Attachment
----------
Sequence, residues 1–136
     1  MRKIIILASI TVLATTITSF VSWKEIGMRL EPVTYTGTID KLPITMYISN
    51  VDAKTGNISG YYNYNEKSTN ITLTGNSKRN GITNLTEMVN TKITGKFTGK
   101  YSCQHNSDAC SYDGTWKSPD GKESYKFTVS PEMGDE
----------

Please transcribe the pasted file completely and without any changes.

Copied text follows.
Sequence, residues 1–136
     1  MRKIIILASI TVLATTITSF VSWKEIGMRL EPVTYTGTID KLPITMYISN
    51  VDAKTGNISG YYNYNEKSTN ITLTGNSKRN GITNLTEMVN TKITGKFTGK
   101  YSCQHNSDAC SYDGTWKSPD GKESYKFTVS PEMGDE